A travel agent listens to their customer’s travel preferences and then works to book a tailored travel plan that fits their needs. They consider their client’s ideal travel dates, method of travel, and what they are hoping to see and do on their trip.
Watch a Video:
How to Become a Travel Agent
At a minimum, most travel agents would be required to have a high school diploma. If you don’t have the experience, some employers may want to see that you have some college or a certification.
According to O*NET OnLine, over 35% of travel agents have an associate’s degree and almost 15% have a bachelor’s. However, around 30% of travel agents have a high school diploma.
Job Description of a Travel Agent
Long before a travel agent books travel for their client, they must get to know their client and the way they like to travel. These professionals aim to please and work to discover what their clients would like to do on their trip and the type of overall experience they’d like to have.
They must also consider any travel parameters their client may provide. For instance, their clients may have flexible dates or firm dates, they may prefer flying first class over coach, or maybe even have requirements not to fly and only go by train. The trips they book for clients can also range from family trips, honeymoon escapes, business trips, and even celebration trips for a group of friends. Travel agents must also work within the financial constraints of their clients to provide them with the accommodations they are expecting at the price their clients are willing to spend.
Knowing about air and train travel is important, and so is knowledge about cruise lines and their amenities. Often, clients are relying on the travel agent’s expertise and opinion about the various travel options and experiences available to them. Travel agents can also assist with booking a more cost-effective trip as they have travel software at their fingertips.
Travel Agent Career Transcript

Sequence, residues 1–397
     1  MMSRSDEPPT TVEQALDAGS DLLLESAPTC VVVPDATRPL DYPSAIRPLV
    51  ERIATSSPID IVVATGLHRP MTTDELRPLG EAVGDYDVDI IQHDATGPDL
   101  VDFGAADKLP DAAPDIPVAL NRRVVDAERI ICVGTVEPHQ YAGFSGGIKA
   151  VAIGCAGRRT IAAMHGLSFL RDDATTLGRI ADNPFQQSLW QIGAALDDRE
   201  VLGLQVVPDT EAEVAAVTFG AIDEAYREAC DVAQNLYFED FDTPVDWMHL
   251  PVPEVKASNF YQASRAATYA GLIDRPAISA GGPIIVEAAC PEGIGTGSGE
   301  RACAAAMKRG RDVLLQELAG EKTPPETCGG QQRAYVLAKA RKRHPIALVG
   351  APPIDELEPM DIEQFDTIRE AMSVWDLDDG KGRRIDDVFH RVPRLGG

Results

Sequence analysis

They say a journey of a thousand miles begins with a single step. For people who want some personal help reaching their destination, the first step is to call a travel agent. Travel agents sell transportation, lodging, and admission to entertainment activities to individuals and groups planning trips. Travel agents sort through vast amounts of information to find the best arrangements for travelers. They find fare and scheduling information, calculate travel costs, and book reservations for everything from extended multi-country tours to short excursions nearby. Agents also provide information about required documents, local weather conditions, customs and attractions. Corporate travel agents specialize in making travel arrangements for businesses.
Most travel agents work full-time in offices but some work remotely, since so much of their work is done by phone and computer. Agents in call centers or large offices may work in noisy, crowded conditions. Dealing with travel emergencies and last-minute schedule changes can be difficult. Typically, travel agents require a high school diploma, but many employers prefer additional formal training.
Bureau of Labor Statistics, U.S. Department of Labor, Occupational Outlook Handbook, Travel Agents.
National Center for O*NET Development. 41-3041.00. O*NET OnLine.
The career video is in the public domain from the U. S. Department of Labor, Employment and Training Administration.